Oliver got home around three-thirty. He waved to Daniel, one of his friends and his ride home, and walked up to the porch.
"Hey, Austyn. What's going on?" he asked cheerfully, walking up his sidewalk. I tried to swallow the lump in my throat, to force it down so I could speak without bursting into tears. He was so happy and I was about to ruin it. "Were you sick or something today? I didn't see you at school."
"No, I'm fine. I just need to talk to you really quick," I replied uneasily.
He gave me a nervous look. "Oh, uh, okay. What's up?" He glanced over at my mom's car and then back at me.
"Okay. I know this is going to be really hard on you, so just please let me get this all out." I paused and picked at a loose thread on my shirt. I looked at him directly in the eye. "I'm moving to Los Angeles. My mom pulled me out of school so that we can move there so I can pursue a singing career. I'm leaving this weekend."
He stared at me, opening and closing his mouth like a fish.
"You're…you're…leaving?" he whispered.
"Oliver, please understand. I want this more than I want anything in my life, and me staying in Texas isn't going to help me with anything. I need to move somewhere where there are opportunities, not here."
"You're leaving me, Austyn, you understand this, right?"
"Yes, and that's why you're the first person I'm telling. And you have no idea how many times I've talked myself out of even considering moving because you're here and you won't be coming with me. But I'm really confident that you'll understand and be okay with my decision."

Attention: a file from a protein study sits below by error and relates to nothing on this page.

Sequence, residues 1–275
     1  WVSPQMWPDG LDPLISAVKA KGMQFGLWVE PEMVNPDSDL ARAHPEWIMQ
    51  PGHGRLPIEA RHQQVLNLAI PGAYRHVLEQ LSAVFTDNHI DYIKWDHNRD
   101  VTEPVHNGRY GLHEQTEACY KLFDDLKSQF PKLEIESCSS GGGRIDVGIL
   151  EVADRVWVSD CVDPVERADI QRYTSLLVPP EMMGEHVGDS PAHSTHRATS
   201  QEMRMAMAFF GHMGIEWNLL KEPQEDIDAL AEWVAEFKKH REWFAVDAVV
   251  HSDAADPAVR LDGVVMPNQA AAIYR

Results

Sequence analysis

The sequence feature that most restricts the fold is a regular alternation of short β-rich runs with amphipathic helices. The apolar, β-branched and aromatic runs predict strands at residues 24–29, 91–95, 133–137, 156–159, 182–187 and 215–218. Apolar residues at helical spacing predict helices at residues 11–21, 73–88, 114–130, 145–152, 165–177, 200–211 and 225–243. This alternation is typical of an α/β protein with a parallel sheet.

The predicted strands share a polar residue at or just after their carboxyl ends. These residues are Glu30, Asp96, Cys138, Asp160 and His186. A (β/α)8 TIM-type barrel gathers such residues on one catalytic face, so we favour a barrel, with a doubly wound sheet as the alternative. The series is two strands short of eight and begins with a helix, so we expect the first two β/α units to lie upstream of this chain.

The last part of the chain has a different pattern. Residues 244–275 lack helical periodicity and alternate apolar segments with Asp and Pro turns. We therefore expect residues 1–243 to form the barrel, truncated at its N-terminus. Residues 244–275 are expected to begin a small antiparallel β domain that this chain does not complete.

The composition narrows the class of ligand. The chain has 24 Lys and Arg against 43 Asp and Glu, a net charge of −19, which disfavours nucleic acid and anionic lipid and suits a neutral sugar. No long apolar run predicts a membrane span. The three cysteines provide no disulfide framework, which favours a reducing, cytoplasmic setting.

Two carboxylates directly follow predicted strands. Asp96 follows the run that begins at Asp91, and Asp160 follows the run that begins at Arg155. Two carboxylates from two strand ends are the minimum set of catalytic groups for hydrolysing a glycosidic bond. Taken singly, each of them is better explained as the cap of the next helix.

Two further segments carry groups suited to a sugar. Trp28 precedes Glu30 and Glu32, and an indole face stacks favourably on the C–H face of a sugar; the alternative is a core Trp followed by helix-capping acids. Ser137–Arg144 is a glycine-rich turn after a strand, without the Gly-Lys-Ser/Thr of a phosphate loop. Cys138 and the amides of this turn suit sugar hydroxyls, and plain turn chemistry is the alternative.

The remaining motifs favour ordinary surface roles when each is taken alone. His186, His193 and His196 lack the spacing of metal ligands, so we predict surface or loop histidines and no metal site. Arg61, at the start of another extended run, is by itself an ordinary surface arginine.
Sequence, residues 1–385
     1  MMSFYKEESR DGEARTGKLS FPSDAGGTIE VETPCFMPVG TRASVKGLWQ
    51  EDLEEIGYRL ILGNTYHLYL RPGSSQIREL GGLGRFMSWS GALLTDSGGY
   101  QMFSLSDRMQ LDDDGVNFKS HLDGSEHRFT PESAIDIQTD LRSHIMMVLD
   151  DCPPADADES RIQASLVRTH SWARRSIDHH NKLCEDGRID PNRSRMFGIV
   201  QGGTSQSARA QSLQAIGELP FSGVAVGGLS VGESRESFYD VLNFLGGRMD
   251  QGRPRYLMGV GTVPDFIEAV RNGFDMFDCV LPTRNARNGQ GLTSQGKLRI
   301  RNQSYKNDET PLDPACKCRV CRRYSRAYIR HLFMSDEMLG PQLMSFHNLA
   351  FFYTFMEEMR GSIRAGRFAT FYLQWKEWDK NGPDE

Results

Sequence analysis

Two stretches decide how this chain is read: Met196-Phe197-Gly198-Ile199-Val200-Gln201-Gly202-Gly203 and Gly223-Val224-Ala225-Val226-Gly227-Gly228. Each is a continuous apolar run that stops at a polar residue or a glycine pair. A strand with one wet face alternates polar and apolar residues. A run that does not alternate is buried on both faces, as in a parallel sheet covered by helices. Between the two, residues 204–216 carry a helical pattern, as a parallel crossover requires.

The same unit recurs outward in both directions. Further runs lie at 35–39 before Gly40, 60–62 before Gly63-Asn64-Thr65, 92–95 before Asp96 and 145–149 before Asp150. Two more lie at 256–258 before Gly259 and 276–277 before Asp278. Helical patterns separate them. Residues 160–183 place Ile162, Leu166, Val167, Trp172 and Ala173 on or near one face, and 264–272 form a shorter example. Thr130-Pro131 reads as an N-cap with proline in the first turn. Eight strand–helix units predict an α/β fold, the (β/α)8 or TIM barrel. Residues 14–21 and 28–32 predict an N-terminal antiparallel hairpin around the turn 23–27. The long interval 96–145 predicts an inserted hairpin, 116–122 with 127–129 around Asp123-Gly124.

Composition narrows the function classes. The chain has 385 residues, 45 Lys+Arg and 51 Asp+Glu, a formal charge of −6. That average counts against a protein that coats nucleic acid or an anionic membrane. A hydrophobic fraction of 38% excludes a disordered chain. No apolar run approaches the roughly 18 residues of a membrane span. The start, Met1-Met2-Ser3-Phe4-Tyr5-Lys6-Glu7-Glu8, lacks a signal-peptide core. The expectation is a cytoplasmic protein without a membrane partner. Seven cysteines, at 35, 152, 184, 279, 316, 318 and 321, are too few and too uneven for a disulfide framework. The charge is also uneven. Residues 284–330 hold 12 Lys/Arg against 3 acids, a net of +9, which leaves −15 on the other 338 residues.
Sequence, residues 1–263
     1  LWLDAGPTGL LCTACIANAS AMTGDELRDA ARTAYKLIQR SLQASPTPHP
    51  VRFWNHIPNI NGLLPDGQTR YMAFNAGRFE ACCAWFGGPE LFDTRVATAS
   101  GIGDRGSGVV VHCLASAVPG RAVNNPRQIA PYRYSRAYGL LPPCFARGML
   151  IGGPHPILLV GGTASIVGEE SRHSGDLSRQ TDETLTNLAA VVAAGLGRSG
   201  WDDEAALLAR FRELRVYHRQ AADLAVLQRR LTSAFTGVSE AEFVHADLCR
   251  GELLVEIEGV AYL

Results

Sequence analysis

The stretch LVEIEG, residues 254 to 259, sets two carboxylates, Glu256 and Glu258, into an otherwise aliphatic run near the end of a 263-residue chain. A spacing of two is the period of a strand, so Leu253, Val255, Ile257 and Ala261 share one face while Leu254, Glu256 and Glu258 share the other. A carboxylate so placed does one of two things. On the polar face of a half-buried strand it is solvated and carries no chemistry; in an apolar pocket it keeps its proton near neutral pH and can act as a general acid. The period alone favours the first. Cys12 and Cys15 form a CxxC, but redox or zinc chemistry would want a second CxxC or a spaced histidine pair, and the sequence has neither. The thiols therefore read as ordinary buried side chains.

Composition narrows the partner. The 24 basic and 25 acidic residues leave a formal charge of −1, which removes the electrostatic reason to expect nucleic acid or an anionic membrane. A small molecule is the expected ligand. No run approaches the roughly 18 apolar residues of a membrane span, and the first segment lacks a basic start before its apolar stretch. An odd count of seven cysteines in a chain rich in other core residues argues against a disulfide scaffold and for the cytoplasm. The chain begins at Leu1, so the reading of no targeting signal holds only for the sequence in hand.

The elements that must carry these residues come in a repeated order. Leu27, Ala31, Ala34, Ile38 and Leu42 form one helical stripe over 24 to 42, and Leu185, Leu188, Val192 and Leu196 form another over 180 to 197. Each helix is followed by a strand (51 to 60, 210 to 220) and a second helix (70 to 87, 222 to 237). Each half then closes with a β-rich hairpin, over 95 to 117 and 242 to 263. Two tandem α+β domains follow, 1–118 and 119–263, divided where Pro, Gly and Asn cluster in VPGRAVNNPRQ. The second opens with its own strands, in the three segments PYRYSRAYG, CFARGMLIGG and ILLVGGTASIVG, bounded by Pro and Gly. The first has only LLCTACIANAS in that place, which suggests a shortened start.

He stared at me. "You think I'm okay with this? No, you're being extremely selfish. You're extracting yourself from everyone who's ever even given a thought to you, just so you can go have your five seconds of fame and pretend that you're living the dream in California when in reality, you're just going to end up like every other star does – washed up and in rehab."
I couldn't believe he had just said that. I couldn't say anything, but I felt the tears burning behind my eyes. His words had hurt me more than he would ever know, and he couldn't just shove them back in his mouth. They'd stabbed me like a knife.
"Oliver, I have wanted to sing for people more than I've wanted anything in my life. And the fact that you can't even pretend to support me proves that you don't care about me, you never did, and that we're no longer friends. Have a nice life."
I turned on my heel and bolted down his sidewalk. Mom stared at me when I got in the car.